Managing Director and Senior Research Analyst, Vivien Azer reported that in the past two years, beer markets in three states that have legalized the adult-use of marijuana, Colorado, Oregon and Washington, have “collectively underperformed,” and “the magnitude of the underperformance has increased notably.” She reported that the beer sales in these states have fallen by more than two percent in 2016 when compared to the rest of the country.
Explaining why and how this decrease came about, Azer said “While [marijuana] retail sales opened up in these markets at different points of time, with all three of these states now having fully implemented a retail infrastructure, the underperformance of beer in these markets has worsened over the course of 2016.”
Azer went on to elucidate, “This is perhaps not surprising, given that U.S. government data for the states of Colorado, Oregon and Washington all show consistent growth in cannabis incidence among 18-25 year olds coupled with declines in alcohol incidence (in terms of past month use).”
These declines were evident in reports showing sales of premium brews like Coors Light and Bud Light dropping by 4.4%, while standard versions of beers like Budweiser and Coors dipped by 2.4%. Denver, arguably one of the most marijuana friendly cities’ in the nation with its decision in 2016 to allow venues with on-site marijuana consumption, has experienced a 6.4% decline in total beer consumption.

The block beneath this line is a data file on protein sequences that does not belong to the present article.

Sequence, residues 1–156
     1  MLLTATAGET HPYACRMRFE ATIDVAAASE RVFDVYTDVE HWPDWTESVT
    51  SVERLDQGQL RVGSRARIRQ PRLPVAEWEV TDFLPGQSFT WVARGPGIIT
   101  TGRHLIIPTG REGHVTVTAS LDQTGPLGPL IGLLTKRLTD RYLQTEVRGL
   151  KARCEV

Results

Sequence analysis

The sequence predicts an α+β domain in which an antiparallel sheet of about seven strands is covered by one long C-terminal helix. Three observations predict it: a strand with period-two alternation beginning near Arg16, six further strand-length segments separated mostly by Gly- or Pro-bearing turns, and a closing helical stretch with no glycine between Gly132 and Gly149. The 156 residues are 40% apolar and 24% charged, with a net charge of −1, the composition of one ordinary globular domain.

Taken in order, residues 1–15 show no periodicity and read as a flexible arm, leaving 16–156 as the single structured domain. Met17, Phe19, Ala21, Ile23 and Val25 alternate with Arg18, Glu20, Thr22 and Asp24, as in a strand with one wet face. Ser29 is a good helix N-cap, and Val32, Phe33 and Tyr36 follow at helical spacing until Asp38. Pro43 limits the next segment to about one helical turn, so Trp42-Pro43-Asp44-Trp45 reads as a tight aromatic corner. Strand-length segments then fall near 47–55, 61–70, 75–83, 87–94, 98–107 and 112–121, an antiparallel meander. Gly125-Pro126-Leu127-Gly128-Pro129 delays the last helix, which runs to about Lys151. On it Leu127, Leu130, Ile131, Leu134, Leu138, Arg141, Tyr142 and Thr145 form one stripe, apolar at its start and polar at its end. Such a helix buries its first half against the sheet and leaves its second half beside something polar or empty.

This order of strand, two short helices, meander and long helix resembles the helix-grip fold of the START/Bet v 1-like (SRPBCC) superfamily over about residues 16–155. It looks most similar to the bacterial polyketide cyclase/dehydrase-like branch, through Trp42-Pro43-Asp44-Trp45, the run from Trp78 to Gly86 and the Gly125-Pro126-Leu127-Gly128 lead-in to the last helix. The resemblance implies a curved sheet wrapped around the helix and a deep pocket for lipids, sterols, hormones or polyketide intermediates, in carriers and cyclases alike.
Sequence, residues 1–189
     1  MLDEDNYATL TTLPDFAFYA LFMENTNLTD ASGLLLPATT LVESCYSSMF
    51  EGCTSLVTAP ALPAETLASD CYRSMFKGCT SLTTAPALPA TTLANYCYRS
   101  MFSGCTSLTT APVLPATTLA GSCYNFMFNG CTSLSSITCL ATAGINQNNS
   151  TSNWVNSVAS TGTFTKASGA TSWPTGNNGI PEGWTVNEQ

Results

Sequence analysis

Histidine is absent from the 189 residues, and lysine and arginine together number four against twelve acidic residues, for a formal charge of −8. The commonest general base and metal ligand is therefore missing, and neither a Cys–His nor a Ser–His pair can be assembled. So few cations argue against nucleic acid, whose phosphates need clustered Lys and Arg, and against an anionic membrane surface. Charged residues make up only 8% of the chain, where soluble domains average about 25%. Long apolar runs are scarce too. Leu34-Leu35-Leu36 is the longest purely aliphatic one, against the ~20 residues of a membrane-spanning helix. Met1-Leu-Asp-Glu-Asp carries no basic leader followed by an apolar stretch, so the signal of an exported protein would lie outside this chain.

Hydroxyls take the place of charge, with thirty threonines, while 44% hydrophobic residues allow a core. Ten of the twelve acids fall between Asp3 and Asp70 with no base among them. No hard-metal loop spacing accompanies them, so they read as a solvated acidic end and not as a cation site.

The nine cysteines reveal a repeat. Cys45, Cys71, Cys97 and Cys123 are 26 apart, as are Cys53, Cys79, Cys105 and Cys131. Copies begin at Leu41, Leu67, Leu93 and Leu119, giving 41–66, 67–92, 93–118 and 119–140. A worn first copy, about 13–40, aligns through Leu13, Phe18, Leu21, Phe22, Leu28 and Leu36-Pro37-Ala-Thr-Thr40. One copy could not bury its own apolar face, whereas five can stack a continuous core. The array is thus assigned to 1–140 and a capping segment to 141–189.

Surprised? Well beer company executives weren’t as they have known for a long time that marijuana availability is not good for their bottom line. It wasn’t because of their concern of increased traffic fatalities or an increase in teen use, they knew that was nonsense. It was their fear of plummeting sales that triggered the California Beer and Beverage Distributors in 2010 to become one of the biggest contributors to the anti-Prop. 19 campaign.
The same held true in 2016 with alcohol producers and distributors providing funds to most of the opposition campaigns in the four states with marijuana legalization initiatives up for a vote. Although legalized marijuana is a threat to big pharma, it is even more of a threat to big beer.